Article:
Sustainability club strives to make school green

Students create seed bombs to raise money for new projects

Ryan Whelton, Reporter

Sustainability club was especially busy this year with numerous projects aimed at tackling environmental problems in the community, club advisor Michelle Wrona said. Their rummage sale earlier this year was a success, promoting the sustainable practice of reusing lightly used items, while also raising funds for upcoming events to make LT more earth-friendly.

“LT has a wonderful opportunity to make more changes with the help of Sustainability club,” Wrona said. “There are always improvements that can be made to make LT as clean as possible.”

For the LT community to make the change to sustainable practices, it is important to make the sustainable choice the easy choice, Wrona said. In April, the club collected money for a pollinator garden to be planted at NC.

“Dr. [Brian] Waterman recently approved our plan to have a native plant and pollinator garden on the east side of NC,” Wrona said. “Our goal is to raise enough money to buy more plants as well as a plaque to go in that area.”

One project to fund the garden was to sell seed bombs for $1, which were made by the club at one of their meetings. The seed bombs were made of potter clay, worm castings, water, and native prairie seeds like whorled milk-weed. The goal is that they are tossed into underutilized areas along fence lines and backyard areas to establish these plants and support native insects and wildlife, Wrona said. 

“The seed bombs we sold were a fun way to raise both awareness and funds,” Wrona said. “It gave people the opportunity to take them home, so they could create their very own pollinator gardens.”

The seed bombs were only one of many creative projects done by the club. They also sold T-shirts and placed vermiculture bins in different classrooms to reduce waste, while also raising awareness.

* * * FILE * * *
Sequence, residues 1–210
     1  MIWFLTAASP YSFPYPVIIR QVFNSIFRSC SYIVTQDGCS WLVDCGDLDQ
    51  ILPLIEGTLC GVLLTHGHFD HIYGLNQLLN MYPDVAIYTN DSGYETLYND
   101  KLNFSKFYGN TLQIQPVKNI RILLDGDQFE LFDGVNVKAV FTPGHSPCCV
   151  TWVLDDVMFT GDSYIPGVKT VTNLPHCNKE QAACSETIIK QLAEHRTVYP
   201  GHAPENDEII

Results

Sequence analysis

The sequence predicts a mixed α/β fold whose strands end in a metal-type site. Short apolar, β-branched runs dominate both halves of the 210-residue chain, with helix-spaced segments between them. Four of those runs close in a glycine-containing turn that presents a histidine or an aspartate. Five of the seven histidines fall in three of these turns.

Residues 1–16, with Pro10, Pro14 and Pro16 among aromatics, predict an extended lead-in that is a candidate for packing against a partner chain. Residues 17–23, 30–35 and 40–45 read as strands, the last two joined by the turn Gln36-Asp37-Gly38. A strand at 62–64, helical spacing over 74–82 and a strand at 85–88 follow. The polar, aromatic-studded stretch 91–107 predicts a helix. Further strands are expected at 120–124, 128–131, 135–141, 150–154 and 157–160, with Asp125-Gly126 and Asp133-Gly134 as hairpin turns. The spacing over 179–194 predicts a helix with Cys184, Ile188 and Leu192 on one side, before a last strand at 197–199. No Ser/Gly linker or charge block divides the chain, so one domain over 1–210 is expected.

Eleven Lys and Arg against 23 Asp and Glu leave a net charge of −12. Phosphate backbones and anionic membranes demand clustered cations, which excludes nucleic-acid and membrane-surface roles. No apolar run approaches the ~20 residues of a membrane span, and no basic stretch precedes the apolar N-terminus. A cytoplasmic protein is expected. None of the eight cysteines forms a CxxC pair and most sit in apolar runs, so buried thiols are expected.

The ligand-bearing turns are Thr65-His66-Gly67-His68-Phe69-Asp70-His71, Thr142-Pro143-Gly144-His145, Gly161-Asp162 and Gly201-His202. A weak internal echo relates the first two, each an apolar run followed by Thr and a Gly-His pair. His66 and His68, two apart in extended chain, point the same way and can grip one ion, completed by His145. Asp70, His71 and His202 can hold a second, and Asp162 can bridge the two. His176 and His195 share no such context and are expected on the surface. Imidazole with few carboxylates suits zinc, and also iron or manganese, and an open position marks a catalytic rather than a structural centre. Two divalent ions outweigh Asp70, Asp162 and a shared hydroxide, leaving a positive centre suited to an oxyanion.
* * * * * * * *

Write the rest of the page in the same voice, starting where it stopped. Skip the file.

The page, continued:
Keira Jensen ‘22 first took interest in Sustainability club due to the passionate community of students who care for the environment, she said. Whether it’s experimenting with bioplastics, planning fundraising events, or researching eco-friendly alternatives for LT, the club is always focused on bettering LT, she said.

“I joined because the members and leaders value taking action,” Jensen said. “We all understand the prevalence of making our community more sustainable and want to help the Earth. Every action or event we do contributes to furthering our mission towards an environmentally friendly neighborhood.” 

The club has taught Jensen that living a sustainable life is not limited to a couple of options, and anyone can make the change, she said.

“As I grew more involved in the club, I realized even more ways I could be helping the Earth,” Jensen said. “I love seeing the dedication club members have towards helping the environment and offering a welcoming community to share ideas.” 

The club meets every other Monday; their page on the LT website and Instagram, @lths.sustainabilityclub, will have the campus location and time listed. 

“Sustainability club is the platform for change, and we’re grateful for all who support us and all the students who attend one activity or every single meeting,” Wrona said. “Everybody is welcome.”